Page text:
All of our lives changed on March 12, 2020, when it became clear that COVID-19 had become a big problem, here and throughout the world. Of course, it would impact our business greatly, as our business is a people business, primarily fulfilling either kitchen replacement or socialization dining. Fortunately, many—smart– management teams adapted quickly where they could. Customer preference mix changes quickly, generally the QSR space recovered very quickly, lead by drive-thru concepts, chicken, and most pizza brands. Some fast-casual brands have recovered, think Chipotle (CMG) and others. Casual dining is still difficult overall but flagship portfolios like Darden (DRI) are at the peak of their game and will continue to lead the way post-COVID.

I’ve been working on a business transformation project for a medium-size restaurant operator that has several different restaurant brands. It has first-class corporate officers, operations, financial management, human resources, and information technology disciplines among others. It is working to improve others, and it does have some investment gaps, which it has recognized. One of the interesting observations was that while they were very analytical, the corporate staff departments were so analytical that they tried to find perfect information to justify taking action. Unfortunately, they were on the verge of, in the words, of an old boss of mine, making “perfect to be the enemy of  good.”  Making company-wide decisions was taking too long.

For any restaurant organization of any size, I recommend that the CEO put the functional heads (operations, marketing finance, supply chain, HR) into a working group where ideas and proposals are developed. While it is likely that it will take some time for the functional experts to iron out difficulties, well-reasoned plans are more likely to develop more quickly. And that is the key advantage in the post COVID era. Resolving corporate level questions quickly and utilizing all corporate resources to stay up with confusing and shifting consumer shifts.

Reading Financial Comparisons Against the Most Difficult Year Ever 

In a matter of days, the industry will be comping over early March 2020, when COVID hit us in the United States. Thereafter, the publicly traded restaurant companies will have to deal with Q1 2021 earnings comparisons versus that of Q1 2020, when the bottom fell out of March. The restaurant M&A market has been struggling for some considerable time with the 2020 problem and how to normalize 2021/2020 earnings and which base year is correct.

Clearly, 2020 is extraordinarily flawed in every way as a base: it shows the most odd event ever and then swings in sales and profit, with both routine and extraordinary expense way over expectations. However, on the other hand, 2019 was a lifetime ago, conditions have radically changed since. The publicly traded companies are stuck with that comparison via normal SEC reporting formats, but some will welcome putting up 12 months of positive numbers. Other brands with success in 2020 will have problems explaining the real but optical decline in sales and profits versus prior year. The imperative for operators and investors is to explain well and not get carried away.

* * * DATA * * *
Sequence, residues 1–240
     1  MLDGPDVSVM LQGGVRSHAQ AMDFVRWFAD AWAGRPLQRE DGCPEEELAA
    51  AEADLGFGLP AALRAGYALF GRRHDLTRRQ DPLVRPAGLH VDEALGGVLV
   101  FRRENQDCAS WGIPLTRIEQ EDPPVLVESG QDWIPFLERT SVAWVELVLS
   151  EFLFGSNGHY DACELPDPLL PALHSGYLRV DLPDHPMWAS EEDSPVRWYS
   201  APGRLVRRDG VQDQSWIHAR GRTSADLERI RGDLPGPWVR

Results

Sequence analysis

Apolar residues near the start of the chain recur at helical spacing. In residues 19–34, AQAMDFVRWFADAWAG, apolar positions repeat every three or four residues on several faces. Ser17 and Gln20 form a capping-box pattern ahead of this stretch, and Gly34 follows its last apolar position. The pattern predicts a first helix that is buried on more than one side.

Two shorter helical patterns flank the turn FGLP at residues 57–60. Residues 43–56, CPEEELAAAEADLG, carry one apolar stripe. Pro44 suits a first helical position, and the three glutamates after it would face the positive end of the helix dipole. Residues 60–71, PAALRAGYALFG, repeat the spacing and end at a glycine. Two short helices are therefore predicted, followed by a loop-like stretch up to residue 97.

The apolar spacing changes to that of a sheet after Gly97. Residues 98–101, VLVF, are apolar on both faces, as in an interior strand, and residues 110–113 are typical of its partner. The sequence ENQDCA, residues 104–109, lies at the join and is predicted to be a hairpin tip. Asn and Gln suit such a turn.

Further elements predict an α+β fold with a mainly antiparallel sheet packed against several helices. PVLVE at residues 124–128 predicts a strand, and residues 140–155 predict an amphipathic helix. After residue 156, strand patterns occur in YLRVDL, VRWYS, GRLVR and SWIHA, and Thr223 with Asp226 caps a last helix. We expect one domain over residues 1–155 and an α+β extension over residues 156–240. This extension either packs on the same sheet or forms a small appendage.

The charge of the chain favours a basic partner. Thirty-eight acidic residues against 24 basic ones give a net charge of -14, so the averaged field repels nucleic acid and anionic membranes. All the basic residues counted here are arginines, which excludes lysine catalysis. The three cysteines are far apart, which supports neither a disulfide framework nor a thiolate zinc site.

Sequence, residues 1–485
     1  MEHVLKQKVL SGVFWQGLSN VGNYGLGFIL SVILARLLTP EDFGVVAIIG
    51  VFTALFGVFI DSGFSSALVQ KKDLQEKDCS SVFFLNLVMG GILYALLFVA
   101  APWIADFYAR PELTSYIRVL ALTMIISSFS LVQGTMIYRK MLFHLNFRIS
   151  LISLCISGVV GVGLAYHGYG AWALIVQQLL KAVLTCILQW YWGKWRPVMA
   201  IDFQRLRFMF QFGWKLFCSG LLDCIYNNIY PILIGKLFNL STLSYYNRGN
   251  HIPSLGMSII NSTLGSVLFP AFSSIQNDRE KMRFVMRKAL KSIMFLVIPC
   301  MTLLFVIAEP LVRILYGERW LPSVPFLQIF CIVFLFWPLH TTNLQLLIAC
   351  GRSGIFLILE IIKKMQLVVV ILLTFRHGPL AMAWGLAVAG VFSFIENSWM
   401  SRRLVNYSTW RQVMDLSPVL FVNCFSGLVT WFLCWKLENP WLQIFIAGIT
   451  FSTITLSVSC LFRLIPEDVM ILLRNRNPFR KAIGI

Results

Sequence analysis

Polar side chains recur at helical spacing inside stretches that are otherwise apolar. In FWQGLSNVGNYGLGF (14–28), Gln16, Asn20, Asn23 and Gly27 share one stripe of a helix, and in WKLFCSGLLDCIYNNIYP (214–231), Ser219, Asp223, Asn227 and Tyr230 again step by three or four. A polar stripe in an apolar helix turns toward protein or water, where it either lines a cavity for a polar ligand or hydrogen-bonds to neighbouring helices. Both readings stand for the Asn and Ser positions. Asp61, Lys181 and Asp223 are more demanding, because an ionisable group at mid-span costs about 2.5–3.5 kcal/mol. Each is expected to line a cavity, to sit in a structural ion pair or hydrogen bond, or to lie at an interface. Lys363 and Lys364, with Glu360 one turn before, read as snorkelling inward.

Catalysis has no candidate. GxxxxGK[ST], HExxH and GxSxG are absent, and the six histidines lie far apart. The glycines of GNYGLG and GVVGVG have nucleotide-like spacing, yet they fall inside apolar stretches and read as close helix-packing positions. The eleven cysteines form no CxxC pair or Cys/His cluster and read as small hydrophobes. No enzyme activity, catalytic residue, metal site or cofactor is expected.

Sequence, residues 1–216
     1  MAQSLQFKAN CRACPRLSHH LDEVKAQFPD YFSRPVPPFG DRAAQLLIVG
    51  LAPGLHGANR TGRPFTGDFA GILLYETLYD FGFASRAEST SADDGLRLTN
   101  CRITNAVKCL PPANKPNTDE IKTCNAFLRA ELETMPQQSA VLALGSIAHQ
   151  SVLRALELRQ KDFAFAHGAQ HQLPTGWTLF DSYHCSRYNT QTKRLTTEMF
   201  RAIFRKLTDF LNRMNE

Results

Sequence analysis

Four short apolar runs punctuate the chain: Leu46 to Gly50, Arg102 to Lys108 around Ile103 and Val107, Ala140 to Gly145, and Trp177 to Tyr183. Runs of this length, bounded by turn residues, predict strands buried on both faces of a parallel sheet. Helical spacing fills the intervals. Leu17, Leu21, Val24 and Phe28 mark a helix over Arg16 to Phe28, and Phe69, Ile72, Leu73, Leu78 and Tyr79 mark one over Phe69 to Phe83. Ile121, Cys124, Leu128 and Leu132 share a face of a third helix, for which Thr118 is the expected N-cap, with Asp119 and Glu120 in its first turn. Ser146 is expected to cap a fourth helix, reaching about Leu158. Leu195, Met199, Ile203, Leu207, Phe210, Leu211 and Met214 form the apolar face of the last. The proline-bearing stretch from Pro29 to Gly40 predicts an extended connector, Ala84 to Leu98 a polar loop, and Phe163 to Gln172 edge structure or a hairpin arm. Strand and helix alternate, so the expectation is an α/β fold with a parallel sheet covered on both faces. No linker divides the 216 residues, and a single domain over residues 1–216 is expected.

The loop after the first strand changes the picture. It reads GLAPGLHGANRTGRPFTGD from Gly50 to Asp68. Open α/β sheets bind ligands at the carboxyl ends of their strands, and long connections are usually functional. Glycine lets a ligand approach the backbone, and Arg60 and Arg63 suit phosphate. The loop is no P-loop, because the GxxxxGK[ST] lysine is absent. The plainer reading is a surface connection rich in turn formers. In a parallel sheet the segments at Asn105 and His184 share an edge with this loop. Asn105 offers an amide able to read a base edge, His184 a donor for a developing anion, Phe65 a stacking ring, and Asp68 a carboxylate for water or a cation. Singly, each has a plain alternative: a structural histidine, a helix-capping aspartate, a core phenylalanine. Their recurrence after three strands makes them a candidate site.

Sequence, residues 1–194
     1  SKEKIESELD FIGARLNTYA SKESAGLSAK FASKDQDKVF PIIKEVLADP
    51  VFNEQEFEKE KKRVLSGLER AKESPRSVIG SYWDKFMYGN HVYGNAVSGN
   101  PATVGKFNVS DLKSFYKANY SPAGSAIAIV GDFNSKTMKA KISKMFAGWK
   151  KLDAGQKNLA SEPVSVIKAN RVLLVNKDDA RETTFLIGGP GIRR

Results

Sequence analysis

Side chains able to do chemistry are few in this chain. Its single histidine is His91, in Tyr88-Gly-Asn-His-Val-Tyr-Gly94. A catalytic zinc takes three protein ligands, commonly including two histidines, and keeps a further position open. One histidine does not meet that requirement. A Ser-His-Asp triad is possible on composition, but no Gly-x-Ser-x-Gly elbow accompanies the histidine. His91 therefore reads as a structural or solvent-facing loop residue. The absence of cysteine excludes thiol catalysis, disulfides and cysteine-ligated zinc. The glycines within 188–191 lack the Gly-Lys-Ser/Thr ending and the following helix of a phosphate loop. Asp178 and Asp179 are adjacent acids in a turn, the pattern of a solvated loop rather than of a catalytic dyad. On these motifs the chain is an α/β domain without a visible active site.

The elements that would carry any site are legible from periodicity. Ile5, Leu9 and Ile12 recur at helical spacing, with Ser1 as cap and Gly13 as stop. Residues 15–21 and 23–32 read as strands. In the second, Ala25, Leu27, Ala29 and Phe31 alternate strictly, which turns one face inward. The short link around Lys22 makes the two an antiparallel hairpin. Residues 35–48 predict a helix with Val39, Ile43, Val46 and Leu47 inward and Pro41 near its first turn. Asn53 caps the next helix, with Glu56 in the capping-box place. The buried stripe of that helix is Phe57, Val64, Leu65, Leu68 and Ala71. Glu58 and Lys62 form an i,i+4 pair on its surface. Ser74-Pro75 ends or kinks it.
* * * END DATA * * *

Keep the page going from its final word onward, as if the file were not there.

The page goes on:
One of the most creative attempts to solve the 2020 problem that I’ve seen was the creation of an internal “Restated 2020 No COVID” value that was based on January-February 2020 only and then rolled out March-December 2020 based on normal seasonality to complete the year. Granted, it was only 2/12th of a year trend but the company found it useful for visual analysis.

Operations Imperatives for Franchisors

Top tier Franchisor executives understand that their brands need to be built around amazing consumer value, profitable sales, and capital-efficient platforms for great franchisees. Per my reviews of late, vital priority work is necessary for the following:

Food delivery is still lower margin (see Chipotle comments on recent earnings call) and third-party delivery (3PD) itself carries significant unfavorable guest ratings. This raises the usefulness of white label solutions like Olo. As 3PD companies continue to merge, the inevitable press for synergies has to result in higher commissions. To offset this risk,  there has to progress in direct-operated delivery (see Chick fil A, for example) or contractual/PMIX shifts to offset the difference.

Restaurant labor wage rates are rising virtually worldwide. Franchisors have done a good job in many brands in streamlining menus but more work is needed in leading the way to streamline kitchen and store footprints to offset rising wages. That is something only the franchisor controls via the franchise agreement. There is much engineering effort that has to be cranked into the franchise footprint and the economic model to make it all work since the franchisee is principally responsible to fund it.


About the Author:  John A. Gordon is a long time restaurant industry veteran with 45 years in chain restaurant operations, financial management corporate staff roles, and the last 20 years in his restaurant management consultancy, Pacific Management Consulting Group. He works complex operations and financial analysis and strategy assessment roles for investors, operators, attorneys, and others who need detailed restaurant perspective. This includes new business proforma, business transformation, litigation support, and other such complex projects. He can be reached at (858) 874-6626, email, jgordon@pacificmanagementconsultinggroup.com.